National Community Service Dollar

Commemorative Coin Programs

Background

Released on July 12, 1996, this coin was authorized to honor the millions of Americans who gave generously of their time and energy volunteering at community service projects.

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Recipient Organization: National Community Service Trust

The surcharges paid to the National Community Service Trust funded innovative community service programs at American universities, including the service, research, and teaching activities of faculty and students involved in such programs.

Commemorative Coin Surcharges

Commemorative coin programs are created by acts of Congress to honor a person, place, or event. Surcharges from the sales of these coins help fund a variety of organizations and projects that benefit the public. Commemorative coins are only available from the United States Mint for a limited time, as specified by public law.

Coin Characteristics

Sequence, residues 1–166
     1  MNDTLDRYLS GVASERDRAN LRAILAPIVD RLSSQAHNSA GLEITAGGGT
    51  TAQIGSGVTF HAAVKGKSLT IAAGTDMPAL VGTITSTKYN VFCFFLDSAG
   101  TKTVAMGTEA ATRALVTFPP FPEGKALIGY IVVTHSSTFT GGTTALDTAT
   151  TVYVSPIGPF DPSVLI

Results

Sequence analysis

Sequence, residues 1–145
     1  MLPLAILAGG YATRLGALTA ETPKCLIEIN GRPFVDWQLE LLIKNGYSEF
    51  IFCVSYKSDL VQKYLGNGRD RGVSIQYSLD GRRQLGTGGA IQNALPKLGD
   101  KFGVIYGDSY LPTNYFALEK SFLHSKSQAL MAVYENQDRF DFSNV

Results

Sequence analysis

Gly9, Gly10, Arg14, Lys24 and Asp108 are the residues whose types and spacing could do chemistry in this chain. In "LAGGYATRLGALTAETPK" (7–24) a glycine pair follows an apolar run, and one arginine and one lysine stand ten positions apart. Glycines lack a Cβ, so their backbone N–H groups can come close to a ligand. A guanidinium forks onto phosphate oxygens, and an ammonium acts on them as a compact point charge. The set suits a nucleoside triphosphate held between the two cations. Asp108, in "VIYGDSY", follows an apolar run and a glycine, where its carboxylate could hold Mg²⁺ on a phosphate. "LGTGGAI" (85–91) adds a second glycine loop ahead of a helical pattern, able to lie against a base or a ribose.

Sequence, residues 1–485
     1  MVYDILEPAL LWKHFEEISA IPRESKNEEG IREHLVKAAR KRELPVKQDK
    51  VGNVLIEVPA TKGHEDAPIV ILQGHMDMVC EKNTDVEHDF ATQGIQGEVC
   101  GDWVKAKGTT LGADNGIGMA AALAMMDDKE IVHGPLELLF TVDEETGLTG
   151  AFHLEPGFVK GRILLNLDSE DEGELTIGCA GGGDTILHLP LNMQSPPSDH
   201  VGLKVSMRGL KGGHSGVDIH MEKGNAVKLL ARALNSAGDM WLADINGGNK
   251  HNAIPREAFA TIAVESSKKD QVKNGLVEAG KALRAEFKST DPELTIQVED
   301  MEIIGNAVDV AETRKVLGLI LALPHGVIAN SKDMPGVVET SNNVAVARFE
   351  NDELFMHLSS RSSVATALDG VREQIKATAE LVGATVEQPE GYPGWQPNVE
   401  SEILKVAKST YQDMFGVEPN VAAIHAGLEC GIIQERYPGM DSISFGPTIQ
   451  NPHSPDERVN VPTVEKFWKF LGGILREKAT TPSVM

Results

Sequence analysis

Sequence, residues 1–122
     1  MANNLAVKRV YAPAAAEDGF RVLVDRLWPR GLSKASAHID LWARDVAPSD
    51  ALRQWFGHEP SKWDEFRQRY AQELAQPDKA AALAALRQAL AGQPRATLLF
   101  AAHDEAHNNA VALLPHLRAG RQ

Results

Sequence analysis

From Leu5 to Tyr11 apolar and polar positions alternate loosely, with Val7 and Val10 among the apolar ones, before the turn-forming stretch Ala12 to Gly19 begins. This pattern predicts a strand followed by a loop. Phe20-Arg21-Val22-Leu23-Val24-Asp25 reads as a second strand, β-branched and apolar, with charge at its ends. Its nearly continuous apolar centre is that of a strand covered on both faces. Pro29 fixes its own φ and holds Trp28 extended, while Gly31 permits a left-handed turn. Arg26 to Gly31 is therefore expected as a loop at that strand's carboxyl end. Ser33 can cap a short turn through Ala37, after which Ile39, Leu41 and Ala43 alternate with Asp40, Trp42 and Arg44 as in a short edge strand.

The obverse design of the coin features standing Liberty with a lamp and book in her right hand, to symbolize learning and discovery. The sun encircles the flame of the lamp, which symbolize the light of knowledge. The design was inspired by an original design by Augustus Saint-Gaudens.

The reverse of the coin features an inscription, "Service for America", which is encircled by a laurel wreath, and inscriptions.

Obverse Inscriptions

  • LIBERTY
  • NATIONAL COMMUNITY SERVICE
  • IN GOD WE TRUST
  • 1996

Reverse Inscriptions

  • UNITED STATES OF AMERICA
  • ONE DOLLAR
  • SERVICE FOR AMERICA
  • E PLURIBUS UNUM

Mint and Mint Mark

Artist Information

Obverse
  • Designer: Thomas D. Rogers
Reverse
  • Designer: William C. Cousins

Related Information

Content last reviewed December 13, 2016

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